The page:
poems sent from dickinson to austin dickinson

Thomas Johnson's Note on Poem 333

MANUSCRIPTS: There are two, both written early in 1862. The fair copy reproduced above (Bingham 109-10) is addressed "Austin -." It is a redaction of the text in packet 14 (H 73a):

The Grass so little has to do,
A Sphere of simple Green -
With only Butterflies, to brood,
And Bees, to entertain -

And stir all day to pretty tunes
The Breezes fetch along,
And hold the Sunshine, in it's lap
And bow to everything,

And thread the Dews, all night, like Pearl,
And make itself so fine
A Duchess, were too Common
For such a noticing,

And even when it die, to pass
In odors so divine,
As lowly spices, gone to sleep -
Or Amulets of Pine -

And then to dwell in Sovreign Barns,
And dream the Days away,
The Grass so little has to do,
I wish I were a Hay -

The suggested change for line 16 is adopted in the copy to Austin, the word order in line 17 is latered, and the suggested changes for line 15 are rejected in favor of another: "lain to sleep." (ED generally preferred the past participle of the verb lay.) She made three further textual alterations:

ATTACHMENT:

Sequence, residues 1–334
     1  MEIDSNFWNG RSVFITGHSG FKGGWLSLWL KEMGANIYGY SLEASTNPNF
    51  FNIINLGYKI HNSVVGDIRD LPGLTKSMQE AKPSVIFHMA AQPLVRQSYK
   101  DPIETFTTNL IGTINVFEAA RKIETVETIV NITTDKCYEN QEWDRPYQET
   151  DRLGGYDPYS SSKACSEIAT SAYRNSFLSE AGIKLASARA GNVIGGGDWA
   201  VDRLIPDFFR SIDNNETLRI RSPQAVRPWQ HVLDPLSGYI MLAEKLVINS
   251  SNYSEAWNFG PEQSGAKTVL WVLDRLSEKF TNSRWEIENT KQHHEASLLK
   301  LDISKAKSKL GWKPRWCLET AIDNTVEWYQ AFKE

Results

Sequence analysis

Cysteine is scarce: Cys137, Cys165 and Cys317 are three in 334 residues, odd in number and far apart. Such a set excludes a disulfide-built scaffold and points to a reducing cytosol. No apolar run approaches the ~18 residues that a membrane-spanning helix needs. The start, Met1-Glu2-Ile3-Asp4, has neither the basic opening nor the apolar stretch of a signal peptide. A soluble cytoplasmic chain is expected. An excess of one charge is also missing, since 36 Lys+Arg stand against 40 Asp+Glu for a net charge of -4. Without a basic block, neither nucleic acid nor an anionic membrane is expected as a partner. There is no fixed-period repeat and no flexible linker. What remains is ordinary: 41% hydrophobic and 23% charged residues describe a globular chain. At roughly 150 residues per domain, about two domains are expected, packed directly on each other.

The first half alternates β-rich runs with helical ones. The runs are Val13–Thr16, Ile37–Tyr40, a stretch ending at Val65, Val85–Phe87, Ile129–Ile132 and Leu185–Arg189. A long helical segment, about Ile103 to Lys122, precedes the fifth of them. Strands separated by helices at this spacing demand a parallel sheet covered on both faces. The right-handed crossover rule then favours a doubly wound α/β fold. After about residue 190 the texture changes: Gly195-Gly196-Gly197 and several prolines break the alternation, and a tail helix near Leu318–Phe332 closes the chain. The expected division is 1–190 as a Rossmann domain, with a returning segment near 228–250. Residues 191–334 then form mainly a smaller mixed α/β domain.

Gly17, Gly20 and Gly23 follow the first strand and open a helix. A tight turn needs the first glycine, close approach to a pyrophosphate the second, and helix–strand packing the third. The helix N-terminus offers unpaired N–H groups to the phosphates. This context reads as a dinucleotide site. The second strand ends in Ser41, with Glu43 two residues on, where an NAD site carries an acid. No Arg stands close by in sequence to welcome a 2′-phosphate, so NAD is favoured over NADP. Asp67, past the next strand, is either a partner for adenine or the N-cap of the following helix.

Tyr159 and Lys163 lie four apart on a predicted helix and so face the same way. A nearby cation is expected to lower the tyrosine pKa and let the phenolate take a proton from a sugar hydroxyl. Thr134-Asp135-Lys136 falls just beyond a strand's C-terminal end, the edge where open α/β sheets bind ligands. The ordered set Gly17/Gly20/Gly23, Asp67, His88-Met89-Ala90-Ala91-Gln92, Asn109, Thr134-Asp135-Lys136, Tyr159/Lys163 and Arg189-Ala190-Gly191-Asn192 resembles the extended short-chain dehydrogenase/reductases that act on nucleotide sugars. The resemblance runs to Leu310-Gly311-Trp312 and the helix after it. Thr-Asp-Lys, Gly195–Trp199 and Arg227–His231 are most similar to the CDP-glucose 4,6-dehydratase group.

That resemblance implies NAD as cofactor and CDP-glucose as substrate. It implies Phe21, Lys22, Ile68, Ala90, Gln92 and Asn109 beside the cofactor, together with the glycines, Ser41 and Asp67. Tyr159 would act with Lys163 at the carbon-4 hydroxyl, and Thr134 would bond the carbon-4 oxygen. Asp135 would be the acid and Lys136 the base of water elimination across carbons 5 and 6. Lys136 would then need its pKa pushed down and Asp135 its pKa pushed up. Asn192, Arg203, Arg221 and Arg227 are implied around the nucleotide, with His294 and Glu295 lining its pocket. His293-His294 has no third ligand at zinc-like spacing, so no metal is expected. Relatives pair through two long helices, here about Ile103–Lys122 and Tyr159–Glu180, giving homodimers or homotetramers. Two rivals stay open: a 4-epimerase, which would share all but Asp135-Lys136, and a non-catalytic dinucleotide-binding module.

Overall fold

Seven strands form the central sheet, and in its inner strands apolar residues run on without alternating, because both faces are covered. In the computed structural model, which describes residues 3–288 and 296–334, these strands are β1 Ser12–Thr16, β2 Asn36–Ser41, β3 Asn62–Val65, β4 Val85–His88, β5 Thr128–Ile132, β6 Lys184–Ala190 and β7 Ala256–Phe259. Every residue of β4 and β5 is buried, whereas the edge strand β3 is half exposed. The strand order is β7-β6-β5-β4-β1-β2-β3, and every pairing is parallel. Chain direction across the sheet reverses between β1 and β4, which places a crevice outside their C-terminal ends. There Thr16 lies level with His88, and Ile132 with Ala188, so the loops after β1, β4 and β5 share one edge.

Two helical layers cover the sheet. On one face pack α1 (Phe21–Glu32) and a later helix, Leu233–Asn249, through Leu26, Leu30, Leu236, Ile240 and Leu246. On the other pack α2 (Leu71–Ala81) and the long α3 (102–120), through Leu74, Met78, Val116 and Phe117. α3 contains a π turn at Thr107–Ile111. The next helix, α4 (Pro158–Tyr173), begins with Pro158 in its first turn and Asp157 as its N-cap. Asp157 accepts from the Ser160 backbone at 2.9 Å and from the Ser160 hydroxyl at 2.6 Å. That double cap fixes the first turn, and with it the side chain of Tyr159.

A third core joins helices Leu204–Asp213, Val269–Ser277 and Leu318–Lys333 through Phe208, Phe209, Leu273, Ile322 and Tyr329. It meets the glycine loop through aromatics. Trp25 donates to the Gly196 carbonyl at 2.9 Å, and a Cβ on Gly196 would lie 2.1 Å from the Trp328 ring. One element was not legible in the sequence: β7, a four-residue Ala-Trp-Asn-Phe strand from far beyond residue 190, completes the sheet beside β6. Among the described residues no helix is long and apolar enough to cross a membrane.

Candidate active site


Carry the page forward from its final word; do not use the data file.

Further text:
9. Pearl] Pearls
13. die] dies
15. As] Like

PUBLICATION: Poems (1890), 78-79, titled "The Grass." The text derives from the packet copy to the extent that both suggested changes are rejected. It appears to adopt two words from the copy to Austin:

9. pearls
13. dies

These changes, however, are of the nature that Higginson nmight independently have made. Although Mrs. Todd ultimately came to have the copy to Austin, there is no reason to believe she had it at the time she was transcribing the packet copy for the printer. In Poems (1890) the last line reads:

I wish I were the hay!

Mrs. Bingham quotes her mother in AB, 58, on the reason for this alteration:

The quaintness of the [indefinite] article really appealed to me, but my trusted collaborator was decided on that line. "It cannot go in so," he exclaimed, "everybody would say that hay is a collective noun requiring the definite article. Nobody can call it a hay!" So I retired, feeling that of course he was right with regard to the public. But I have always had a sneaking desire to see a change back to the original version!

When Mrs. Bianchi included the poem in CP (1924), the packet copy was in her possession. There and in later collections the text is identical with that in Poems (1890) except for the last line, which is correctly rendered.

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Commentary copyright 1998 by Martha Nell Smith, all rights reserved
Maintained by Lara Vetter <lvetter@uncc.edu>
Last updated on February 25, 2008